Hansen's introduction briefly considers Phlegon's life and career and the genre of paradoxography before discussing the works themselves. One of the shortcomings of this book, which has the 'general reader as well as the classical scholar in mind' (p. viii), is that it occasionally fails to cater for the former. For example, on p. 2 Hansen refers the reader who wants to know more about Phlegon's life to Frank's article in RE.[[4]] For the reader who does not know German or does not have access to a university library the instruction is not very helpful. On the other hand the modern-day comparisons (drawn from the English papers Weekly World News and the Sun) on p. 12 with the headlines of Phlegon on p. 13 are illustrative and a good example of the accessibility of this commentary. Also of interest to the English scholar or the more general reader is Hansen's brief discussion of the influence of Phlegon in the 16th and 17th centuries, including Goethe's reworking of the ghostly tale of Philinnion, The Bride of Corinth, which is included in appendix 2. The discussion of the sources and approach that Phlegon had is adequate but I would have liked to know more about how the *)OLUMPIA/DEJ may have formed the basis of the PERI\ QAUMASI/WN. For example, it would have been useful for the reader to have seen the evidence of fr. 13 (an infant that spoke) or fr. 15 (an eclipse of the sun) which obviously fall into the realm of the miraculous.[[5]] Moreover, such prodigious events had been a feature of Graeco-Roman historiography from the time of Herodotos onwards. This might have been a subject worth pursuing.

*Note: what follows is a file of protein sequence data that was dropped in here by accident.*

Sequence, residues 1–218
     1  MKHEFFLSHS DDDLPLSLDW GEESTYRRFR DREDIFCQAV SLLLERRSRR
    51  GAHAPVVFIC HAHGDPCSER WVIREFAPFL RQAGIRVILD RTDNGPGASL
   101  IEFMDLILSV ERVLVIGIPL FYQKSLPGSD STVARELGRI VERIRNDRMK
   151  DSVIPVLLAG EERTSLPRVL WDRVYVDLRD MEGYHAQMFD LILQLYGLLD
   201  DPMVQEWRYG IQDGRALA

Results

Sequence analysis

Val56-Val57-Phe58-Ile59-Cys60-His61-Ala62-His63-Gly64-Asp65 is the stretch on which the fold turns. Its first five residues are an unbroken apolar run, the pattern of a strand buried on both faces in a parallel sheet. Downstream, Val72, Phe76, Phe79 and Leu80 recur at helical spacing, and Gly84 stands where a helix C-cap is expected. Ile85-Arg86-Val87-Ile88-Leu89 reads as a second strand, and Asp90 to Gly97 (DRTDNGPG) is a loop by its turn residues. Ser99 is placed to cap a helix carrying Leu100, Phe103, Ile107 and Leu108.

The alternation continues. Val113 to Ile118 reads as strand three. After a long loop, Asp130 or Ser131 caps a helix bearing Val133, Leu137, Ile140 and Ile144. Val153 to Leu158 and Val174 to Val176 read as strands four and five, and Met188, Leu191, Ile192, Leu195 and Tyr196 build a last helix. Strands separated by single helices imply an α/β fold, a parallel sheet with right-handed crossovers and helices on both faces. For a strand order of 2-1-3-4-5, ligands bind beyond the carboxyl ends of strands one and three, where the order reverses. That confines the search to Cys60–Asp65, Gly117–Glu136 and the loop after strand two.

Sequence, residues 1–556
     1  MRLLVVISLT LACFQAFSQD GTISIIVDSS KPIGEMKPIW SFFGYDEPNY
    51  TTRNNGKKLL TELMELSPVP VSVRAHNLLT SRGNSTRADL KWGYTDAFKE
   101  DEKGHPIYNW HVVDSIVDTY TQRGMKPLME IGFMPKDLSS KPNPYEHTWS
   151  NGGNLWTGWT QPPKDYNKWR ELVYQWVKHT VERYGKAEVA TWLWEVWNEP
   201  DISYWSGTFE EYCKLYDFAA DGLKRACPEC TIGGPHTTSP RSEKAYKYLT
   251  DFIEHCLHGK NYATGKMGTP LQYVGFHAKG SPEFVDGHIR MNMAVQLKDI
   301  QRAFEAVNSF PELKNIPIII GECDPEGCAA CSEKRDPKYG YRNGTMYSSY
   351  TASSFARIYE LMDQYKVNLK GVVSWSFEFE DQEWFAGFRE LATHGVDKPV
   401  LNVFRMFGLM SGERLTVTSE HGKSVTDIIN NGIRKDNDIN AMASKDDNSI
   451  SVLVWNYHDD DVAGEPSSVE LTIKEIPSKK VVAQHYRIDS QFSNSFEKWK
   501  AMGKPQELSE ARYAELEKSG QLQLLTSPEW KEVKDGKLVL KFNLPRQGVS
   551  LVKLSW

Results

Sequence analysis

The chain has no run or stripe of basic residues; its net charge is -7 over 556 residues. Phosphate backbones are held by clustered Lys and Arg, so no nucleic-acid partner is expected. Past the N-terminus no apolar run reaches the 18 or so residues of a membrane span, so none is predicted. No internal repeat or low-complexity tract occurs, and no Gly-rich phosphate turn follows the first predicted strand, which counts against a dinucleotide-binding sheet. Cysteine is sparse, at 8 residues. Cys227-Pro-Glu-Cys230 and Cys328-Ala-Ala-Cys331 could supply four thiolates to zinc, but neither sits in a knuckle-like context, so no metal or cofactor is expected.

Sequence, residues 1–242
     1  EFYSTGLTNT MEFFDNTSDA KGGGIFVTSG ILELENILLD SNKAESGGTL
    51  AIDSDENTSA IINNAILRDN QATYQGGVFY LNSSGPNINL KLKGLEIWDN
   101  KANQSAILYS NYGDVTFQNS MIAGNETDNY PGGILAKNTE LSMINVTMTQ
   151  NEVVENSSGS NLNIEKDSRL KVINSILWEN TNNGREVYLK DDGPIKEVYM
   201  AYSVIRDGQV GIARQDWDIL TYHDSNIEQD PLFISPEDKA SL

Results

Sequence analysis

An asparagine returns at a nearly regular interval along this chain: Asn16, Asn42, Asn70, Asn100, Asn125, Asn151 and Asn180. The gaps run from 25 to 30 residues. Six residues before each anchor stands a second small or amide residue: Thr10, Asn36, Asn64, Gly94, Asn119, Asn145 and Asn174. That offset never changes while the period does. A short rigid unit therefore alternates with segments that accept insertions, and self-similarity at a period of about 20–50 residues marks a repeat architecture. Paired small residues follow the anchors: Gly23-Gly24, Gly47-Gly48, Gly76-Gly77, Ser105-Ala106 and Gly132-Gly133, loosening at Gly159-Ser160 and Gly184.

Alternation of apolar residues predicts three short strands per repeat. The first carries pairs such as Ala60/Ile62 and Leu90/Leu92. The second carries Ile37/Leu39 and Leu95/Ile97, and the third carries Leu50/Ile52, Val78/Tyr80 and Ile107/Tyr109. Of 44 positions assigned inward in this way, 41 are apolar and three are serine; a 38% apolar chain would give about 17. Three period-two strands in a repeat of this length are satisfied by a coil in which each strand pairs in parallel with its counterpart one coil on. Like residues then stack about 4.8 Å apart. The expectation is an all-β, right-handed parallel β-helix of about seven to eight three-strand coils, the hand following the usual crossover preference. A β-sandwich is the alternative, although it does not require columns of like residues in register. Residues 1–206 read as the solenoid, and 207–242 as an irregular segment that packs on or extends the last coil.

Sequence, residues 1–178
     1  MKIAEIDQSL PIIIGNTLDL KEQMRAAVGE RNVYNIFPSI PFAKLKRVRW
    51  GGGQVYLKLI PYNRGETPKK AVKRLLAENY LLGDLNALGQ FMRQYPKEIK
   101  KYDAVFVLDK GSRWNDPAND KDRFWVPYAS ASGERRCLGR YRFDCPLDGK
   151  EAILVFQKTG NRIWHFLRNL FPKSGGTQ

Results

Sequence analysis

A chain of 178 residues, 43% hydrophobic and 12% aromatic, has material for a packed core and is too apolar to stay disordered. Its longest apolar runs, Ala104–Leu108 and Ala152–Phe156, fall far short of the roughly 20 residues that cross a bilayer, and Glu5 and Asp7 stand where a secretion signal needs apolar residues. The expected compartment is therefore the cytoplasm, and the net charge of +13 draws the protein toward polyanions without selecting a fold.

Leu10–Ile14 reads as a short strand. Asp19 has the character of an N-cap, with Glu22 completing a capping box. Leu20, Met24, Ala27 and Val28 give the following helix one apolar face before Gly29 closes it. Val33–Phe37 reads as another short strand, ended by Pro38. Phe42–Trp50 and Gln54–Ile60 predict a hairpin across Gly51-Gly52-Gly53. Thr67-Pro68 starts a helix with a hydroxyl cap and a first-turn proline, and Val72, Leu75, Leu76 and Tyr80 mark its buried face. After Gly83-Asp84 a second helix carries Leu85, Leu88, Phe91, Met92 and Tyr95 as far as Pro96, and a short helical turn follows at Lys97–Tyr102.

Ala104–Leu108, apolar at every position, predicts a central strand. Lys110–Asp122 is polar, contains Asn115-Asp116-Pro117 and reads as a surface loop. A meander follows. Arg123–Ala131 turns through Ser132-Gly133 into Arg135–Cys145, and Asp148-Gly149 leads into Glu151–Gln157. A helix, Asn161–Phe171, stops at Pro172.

The nature of the actual fragments demonstrate the sort of sensationalist headlines that sometimes make their way into popular daily papers. A dismembered head foretells the future (p. 31), a man changes into a woman and back again (p. 37-38), the true nature of a hermaphrodite is discovered on the point of marriage (p. 38), a tooth one- foot long is uncovered (p. 44), men give birth (p. 47) and centaurs inhabit the earth (p. 49). The PERI\ MAKROBI/WN tells us that the Sibyl of Erythrai lived for just less than 1000 years (pp. 55-57). The fragments of the

*)OLUMPIA/DEJ place us on more secure ground. They contain references to winners at the Olympic Games, Roman successes and defeats, the births of famous people and other important events (pp. 58-62).